April/May 2014 - Vol. 73

On the Lord's Prayer
From a sermon by Gregory of Nyssa, 4th century

 Who Art in Heaven

 These words I think have a very deep meaning. They remind us of the homeland we have abandoned, of the citizenship we have lost.

 In the parable of the young man who left his father's house, went off the rails and was reduced to living with pigs, the Word of God shows us human wretchedness. That young man did not find his one-time happiness again until he had realized his moral degradation, had looked into his own heart and had pronounced the words of confession.

 These words almost agree with the Lord's Prayer, because the prodigal son says: `Father, I have sinned against heaven and against you.' (Luke 15:21) He would not confess himself to be a sinner against heaven if he were not convinced that the homeland he had left at the time of his going astray were not in actual fact heaven.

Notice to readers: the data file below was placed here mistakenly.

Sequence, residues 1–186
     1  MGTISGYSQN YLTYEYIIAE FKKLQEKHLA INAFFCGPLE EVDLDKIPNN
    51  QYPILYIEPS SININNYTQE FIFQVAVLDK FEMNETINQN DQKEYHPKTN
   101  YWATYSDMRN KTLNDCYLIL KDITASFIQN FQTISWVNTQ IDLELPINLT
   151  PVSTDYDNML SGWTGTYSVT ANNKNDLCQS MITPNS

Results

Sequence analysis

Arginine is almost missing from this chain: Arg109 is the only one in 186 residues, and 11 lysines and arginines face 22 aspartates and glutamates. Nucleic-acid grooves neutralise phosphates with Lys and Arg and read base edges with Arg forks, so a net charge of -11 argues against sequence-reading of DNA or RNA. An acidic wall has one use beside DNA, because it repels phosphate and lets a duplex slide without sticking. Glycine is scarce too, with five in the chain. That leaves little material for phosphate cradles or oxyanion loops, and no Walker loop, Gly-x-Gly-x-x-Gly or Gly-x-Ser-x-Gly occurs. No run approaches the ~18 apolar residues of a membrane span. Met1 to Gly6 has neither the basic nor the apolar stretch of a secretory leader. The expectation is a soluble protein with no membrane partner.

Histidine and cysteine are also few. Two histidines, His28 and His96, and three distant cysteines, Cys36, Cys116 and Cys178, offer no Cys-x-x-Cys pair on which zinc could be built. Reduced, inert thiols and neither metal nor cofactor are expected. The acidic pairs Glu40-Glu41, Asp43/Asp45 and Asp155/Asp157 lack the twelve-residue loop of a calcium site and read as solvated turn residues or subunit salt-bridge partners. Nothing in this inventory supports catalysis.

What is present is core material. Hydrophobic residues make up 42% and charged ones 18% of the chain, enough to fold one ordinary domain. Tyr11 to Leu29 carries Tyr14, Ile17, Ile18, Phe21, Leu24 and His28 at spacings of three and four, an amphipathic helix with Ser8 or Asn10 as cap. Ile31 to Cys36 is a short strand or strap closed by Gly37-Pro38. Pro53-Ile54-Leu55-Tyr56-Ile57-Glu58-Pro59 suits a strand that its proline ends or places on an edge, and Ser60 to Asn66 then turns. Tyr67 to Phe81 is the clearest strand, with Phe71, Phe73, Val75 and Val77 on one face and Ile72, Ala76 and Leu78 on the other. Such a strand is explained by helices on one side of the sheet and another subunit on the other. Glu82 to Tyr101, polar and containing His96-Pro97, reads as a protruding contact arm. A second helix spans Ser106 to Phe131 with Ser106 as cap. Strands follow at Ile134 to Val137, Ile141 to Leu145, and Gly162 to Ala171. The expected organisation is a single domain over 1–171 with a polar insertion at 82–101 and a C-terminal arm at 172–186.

By this confession of his he makes himself worthy once again to stand in the presence of his father who runs towards him, embraces him, and kisses him.

The conclusion is this. To return to heaven there is only one route and that is to admit one's sinfulness and seek to avoid it. To make the decision to avoid it is already to be perfecting one's likeness to God.

Commentary on the Lord's Prayer

» The Privilege and Responsibility of Calling God Father, by Cyril of Alexandria
» God  Our Father, by Cyril of Jerusalem
» Who art in Heaven, by Gregory of Nyssa
» Hallowed by thy Name, by Origen
» Thy Kingdom Come, by Origen
» Thy will be done, by Origen
» Give us our daily bread, by Gregory of Nyssa
» Forgive us our trespasses, by Cassian
» And lead us not into temptation, by Origen
» But deliver us from evil, by Cyprian of Carthage

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